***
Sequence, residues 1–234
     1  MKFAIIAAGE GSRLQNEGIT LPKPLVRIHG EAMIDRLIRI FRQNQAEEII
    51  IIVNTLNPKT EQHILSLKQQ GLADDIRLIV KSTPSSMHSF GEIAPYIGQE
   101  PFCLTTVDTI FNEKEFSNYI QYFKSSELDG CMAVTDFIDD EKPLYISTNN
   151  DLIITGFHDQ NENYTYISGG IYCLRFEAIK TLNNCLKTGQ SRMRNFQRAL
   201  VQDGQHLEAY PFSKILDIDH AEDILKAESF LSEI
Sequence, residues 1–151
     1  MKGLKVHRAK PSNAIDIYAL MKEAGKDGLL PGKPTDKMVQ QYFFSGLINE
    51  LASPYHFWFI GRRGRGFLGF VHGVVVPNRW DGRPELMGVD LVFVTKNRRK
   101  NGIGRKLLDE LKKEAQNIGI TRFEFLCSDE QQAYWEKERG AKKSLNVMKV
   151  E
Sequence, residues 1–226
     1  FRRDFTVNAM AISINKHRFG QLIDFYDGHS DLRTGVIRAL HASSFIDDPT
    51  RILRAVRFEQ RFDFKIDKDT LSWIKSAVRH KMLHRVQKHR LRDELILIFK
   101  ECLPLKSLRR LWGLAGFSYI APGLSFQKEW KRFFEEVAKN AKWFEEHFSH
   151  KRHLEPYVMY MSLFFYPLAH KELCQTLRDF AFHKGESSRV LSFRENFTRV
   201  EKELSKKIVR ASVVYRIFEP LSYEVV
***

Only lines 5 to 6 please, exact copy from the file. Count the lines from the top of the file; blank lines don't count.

   151  DLIITGFHDQ NENYTYISGG IYCLRFEAIK TLNNCLKTGQ SRMRNFQRAL
   201  VQDGQHLEAY PFSKILDIDH AEDILKAESF LSEI